2. Scripture - The Focal Point of Unity. If you understand the papacy of Pope Francis, you should know by now, that the focus of his papacy is the person of Jesus Christ and His Gospel. Partly, the reason for his focus on the centrality of Christ and the Gospel is because it functions as a unifying focal point. In a world and a church that is bitterly divided, the Word of God, particularly the Gospel, provides Catholics a unifying force. Pope Francis makes a reference to it in his Apostolic letter Aperuit illis. When the people of Israel returned from exile, Pope Francis says, “they found themselves gathered “as one” around the sacred Scripture" (Neh 8:1). Oneness and unity is also the theme of today’s second reading. Paul was pained at the division that existed in the Corinthian community. “I belong to Paul,” or “I belong to Apollos,” or “I belong to Cephas,” or “I belong to Christ.” Is Christ divided?" he asks. The practical implication of the Gospel is simple. Whether it is our home, our family, our church, our society, the nation or the world, we need a common focal point to unite us wherein we can discover the meaning of our lived experience. Pope Francis is inviting us to unite around Jesus, the living gospel, the word of God.
3. Scripture, Love, Mercy! Pope Francis presents a third challenge to the Church. Let me quote his words: “Yet another challenge raised by sacred Scripture has to do with love. God’s word constantly reminds us of the merciful love of the Father who calls his children to live in love. The life of Jesus is the full and perfect expression of this divine love, which holds nothing back but offers itself to all without reserve. In the parable of Lazarus, we find a valuable teaching. When both Lazarus and the rich man die, the latter, seeing the poor man Lazarus in Abraham’s bosom, asks that Lazarus be sent to his brothers to warn them to love their neighbor, lest they also experience his torment. Abraham’s answer is biting: “They have Moses and the prophets; let them hear them” (Lk 16:29). To listen to sacred Scripture and then to practice mercy - this is the great challenge before us in life. God’s Word has the power to open our eyes and to enable us to renounce a stifling and barren individualism and instead to embark on a new path of sharing and solidarity.” In other words, it is the Word of God that convinces us to become a selfless people, a people of love and mercy, a people who follow the example of Christ selfless life. There simply is no other way “to be!”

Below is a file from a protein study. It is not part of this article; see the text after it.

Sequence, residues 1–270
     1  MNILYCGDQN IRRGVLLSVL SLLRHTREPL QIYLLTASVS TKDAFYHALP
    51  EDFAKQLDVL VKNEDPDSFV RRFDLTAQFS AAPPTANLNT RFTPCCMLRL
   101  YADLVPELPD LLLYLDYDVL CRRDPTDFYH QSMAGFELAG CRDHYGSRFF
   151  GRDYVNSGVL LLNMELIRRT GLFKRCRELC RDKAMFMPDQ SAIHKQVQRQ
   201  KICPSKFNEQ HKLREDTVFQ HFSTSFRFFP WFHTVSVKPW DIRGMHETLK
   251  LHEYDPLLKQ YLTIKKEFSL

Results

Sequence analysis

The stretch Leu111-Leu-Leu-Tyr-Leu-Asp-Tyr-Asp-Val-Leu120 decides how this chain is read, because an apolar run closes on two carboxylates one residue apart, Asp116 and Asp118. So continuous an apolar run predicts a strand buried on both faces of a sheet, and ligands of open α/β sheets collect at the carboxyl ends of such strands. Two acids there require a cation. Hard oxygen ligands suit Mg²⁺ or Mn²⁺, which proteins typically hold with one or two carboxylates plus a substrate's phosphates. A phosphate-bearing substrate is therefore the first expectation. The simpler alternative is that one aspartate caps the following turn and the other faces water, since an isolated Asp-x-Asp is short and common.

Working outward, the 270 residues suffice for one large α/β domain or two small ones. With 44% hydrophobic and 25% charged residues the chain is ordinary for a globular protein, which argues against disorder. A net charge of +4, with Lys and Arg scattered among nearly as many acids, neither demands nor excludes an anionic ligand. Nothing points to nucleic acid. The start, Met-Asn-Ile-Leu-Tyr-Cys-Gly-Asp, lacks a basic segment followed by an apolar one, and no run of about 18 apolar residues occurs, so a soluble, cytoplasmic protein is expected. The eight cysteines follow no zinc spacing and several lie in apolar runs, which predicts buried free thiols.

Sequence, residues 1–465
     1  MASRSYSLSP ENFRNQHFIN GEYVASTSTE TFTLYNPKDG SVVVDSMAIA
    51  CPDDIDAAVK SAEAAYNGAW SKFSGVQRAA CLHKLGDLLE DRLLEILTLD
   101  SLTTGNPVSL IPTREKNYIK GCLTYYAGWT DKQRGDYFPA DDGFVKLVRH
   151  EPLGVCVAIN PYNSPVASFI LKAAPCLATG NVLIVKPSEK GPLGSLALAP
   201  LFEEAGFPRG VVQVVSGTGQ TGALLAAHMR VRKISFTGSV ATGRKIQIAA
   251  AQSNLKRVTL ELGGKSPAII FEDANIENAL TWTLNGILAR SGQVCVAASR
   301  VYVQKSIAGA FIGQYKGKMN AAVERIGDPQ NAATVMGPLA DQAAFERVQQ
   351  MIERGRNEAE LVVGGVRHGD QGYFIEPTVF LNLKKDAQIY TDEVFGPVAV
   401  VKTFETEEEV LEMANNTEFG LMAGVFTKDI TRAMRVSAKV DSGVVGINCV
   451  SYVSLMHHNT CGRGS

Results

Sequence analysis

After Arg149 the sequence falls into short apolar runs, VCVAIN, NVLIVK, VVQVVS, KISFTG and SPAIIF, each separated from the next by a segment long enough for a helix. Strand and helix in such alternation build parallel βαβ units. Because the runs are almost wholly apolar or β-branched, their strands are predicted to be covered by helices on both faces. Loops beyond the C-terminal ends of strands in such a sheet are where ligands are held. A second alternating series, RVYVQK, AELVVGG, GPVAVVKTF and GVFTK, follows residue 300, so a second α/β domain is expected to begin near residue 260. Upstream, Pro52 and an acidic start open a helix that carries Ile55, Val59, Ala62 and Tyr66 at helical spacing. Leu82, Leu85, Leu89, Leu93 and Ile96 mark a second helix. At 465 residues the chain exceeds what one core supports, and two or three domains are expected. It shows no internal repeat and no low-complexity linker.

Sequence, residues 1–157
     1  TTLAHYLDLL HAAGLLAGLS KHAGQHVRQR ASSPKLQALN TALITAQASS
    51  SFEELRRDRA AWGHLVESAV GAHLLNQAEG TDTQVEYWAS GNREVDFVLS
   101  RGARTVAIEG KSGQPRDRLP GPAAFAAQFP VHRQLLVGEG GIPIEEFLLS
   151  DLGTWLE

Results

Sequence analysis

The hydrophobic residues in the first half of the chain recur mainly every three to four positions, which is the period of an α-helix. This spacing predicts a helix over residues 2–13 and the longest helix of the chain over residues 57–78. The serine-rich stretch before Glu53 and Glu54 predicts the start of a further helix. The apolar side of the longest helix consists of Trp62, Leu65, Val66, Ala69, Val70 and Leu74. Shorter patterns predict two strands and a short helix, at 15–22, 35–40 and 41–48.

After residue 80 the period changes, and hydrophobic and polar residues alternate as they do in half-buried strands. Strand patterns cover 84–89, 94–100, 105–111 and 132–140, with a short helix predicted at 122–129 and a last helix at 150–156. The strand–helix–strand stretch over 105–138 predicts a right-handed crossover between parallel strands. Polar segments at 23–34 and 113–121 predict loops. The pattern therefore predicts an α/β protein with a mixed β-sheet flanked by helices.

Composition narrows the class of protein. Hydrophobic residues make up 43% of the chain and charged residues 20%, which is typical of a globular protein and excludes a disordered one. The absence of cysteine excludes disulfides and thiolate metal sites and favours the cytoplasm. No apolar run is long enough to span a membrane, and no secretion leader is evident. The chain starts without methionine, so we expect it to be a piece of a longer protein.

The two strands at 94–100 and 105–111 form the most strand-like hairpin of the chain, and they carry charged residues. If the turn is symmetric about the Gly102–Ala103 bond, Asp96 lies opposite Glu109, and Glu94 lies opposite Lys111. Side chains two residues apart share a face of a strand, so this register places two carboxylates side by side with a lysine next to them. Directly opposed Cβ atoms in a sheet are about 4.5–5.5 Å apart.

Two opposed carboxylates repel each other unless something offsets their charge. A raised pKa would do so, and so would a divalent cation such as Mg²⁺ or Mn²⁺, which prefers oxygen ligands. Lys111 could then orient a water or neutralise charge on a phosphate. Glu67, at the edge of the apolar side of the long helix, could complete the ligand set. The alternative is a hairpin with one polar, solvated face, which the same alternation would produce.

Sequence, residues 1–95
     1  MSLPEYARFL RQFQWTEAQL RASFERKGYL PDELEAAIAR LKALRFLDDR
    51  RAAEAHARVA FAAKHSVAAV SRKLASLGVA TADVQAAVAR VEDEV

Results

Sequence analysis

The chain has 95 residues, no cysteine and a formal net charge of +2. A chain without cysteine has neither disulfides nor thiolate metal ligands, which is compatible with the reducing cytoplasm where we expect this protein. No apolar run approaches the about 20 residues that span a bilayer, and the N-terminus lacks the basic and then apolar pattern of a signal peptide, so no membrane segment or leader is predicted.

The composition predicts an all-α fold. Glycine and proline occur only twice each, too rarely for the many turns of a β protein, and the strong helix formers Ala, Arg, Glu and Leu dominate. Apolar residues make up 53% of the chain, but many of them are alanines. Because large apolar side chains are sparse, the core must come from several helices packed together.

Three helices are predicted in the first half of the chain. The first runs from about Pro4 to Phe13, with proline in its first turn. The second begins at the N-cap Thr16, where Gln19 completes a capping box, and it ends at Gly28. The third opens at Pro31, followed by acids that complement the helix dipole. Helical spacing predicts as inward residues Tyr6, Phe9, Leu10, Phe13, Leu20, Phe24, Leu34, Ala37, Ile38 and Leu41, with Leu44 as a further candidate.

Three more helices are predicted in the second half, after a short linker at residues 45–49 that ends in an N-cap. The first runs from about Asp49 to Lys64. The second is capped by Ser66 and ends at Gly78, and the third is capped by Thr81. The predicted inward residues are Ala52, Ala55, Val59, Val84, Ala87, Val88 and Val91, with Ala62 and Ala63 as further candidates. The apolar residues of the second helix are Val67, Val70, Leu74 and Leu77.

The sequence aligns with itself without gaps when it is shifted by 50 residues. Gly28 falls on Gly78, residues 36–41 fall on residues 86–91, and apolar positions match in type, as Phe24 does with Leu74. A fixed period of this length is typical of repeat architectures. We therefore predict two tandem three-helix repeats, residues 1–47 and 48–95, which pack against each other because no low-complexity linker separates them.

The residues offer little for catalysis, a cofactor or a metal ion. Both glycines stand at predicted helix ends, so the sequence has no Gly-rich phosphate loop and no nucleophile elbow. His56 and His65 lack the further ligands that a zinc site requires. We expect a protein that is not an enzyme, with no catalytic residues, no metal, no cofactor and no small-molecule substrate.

Of course, as Catholics, our reflection on the Word of God would not be complete without making the connection between the Word of God and the Eucharist. As Pope Francis says, “The journey that the Risen Lord makes with the disciples of Emmaus ended with a meal. They sit down at table, and Jesus takes the bread, blesses it, breaks it and offers it to them. At that moment, their eyes are opened, and they recognize him (cf. v. 31). At every Eucharist, remember that Christ accompanies us through life. And we never forget, Pope Francis reminds us, that Mary, who “heard the Word of God and kept it,” is always with us.
I believe that a Sunday to celebrate the Word of God is a significant moment in the history of the Church. After all, the one constant reality for the people of God from their origin is the spoken Word of God. May the Word become flesh in our lives and in the world.